In the course of writing your book, how many times would you say that first page changed and for what reasons?

In this case, the beginning remained the same from the first draft on. Oh, there was plenty of editing, but the scene itself was never changed. Not the case with the book I’m writing now. I’m only half way through and I must have changed it half a dozen times.

Was there ever a time after the book was published that you wished you had changed something on the first page?

Not really. The scene is so dramatic, so captivating. It grabs the reader right from the first page and that’s what I try to do with all my novels.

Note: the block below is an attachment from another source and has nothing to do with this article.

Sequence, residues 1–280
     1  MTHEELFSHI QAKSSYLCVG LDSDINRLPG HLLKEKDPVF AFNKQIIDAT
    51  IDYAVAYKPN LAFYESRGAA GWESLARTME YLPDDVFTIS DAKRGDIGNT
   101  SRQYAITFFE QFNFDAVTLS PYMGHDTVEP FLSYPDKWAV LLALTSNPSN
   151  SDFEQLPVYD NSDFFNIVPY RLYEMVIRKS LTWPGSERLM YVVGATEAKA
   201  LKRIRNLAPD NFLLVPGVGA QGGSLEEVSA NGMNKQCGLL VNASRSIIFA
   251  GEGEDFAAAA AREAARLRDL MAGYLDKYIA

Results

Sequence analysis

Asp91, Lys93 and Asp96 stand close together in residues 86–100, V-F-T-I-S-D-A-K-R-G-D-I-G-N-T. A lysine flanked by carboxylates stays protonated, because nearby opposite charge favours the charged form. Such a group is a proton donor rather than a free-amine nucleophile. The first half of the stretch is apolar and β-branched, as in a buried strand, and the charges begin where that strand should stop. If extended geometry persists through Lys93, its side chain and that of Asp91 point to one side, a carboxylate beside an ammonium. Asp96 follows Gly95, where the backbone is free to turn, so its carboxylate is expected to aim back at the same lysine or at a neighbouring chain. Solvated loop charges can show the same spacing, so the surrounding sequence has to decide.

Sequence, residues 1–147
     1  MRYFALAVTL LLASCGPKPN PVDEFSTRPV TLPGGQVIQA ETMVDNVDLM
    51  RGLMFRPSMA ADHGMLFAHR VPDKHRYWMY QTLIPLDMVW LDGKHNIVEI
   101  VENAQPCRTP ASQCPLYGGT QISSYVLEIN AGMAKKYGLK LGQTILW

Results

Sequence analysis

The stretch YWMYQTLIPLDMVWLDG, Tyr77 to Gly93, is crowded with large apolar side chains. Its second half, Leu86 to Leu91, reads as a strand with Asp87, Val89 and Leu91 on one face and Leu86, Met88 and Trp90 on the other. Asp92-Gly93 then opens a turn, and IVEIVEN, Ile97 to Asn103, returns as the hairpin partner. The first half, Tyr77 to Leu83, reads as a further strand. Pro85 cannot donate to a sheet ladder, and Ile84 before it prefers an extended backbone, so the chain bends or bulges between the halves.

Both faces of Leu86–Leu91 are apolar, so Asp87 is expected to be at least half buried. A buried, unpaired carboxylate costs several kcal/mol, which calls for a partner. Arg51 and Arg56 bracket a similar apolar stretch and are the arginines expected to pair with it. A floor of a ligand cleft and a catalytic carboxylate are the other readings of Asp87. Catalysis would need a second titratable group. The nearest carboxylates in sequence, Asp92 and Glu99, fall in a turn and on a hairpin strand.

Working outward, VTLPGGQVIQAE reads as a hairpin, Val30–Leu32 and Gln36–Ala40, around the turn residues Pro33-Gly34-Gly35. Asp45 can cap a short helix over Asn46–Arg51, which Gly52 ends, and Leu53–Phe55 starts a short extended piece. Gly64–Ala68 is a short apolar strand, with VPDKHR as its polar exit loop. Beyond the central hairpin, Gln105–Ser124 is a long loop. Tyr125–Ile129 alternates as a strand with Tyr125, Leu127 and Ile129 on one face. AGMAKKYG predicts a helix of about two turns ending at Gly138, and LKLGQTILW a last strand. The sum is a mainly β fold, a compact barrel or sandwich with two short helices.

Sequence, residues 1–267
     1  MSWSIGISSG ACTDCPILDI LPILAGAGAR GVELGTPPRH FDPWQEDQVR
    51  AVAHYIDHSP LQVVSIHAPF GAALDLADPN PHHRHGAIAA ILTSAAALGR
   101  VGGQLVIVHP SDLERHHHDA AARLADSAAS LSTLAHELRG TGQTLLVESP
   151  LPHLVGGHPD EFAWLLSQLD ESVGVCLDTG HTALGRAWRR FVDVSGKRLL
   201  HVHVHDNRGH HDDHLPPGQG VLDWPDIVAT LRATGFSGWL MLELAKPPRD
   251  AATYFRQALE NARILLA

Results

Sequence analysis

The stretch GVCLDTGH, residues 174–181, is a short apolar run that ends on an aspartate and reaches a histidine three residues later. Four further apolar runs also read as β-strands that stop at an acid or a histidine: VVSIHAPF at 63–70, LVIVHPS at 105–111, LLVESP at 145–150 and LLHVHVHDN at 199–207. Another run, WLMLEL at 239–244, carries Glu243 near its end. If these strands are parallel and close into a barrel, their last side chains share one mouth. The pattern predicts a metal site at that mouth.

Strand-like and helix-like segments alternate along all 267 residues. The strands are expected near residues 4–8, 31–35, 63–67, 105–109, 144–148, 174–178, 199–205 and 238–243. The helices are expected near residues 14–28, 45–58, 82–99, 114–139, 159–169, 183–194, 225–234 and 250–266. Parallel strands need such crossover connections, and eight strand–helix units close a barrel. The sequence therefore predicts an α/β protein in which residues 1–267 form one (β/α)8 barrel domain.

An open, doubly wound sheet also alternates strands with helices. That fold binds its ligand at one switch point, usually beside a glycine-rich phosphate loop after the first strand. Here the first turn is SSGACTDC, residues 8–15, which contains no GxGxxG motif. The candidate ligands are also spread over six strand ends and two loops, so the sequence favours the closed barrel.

What advice can you give to aspiring authors to stress how important the first page is?

Start your book late in the story, and end it early. No long backstory. What you do is weave it throughout the book instead of plunking it down at the beginning. And make that first line a real grabber.

Thank you for having me on your blog. I enjoyed answering your questions.

M.C. Domovitch

 

Advertisements

Leave a Reply

Fill in your details below or click an icon to log in:

WordPress.com Logo

You are commenting using your WordPress.com account. Log Out / Change )

Twitter picture

You are commenting using your Twitter account. Log Out / Change )

Facebook photo

You are commenting using your Facebook account. Log Out / Change )

Google+ photo

You are commenting using your Google+ account. Log Out / Change )

Connecting to %s

Enter your email address to subscribe to this blog and receive notifications of new posts by email.

We support Indie Authors!

%d bloggers like this: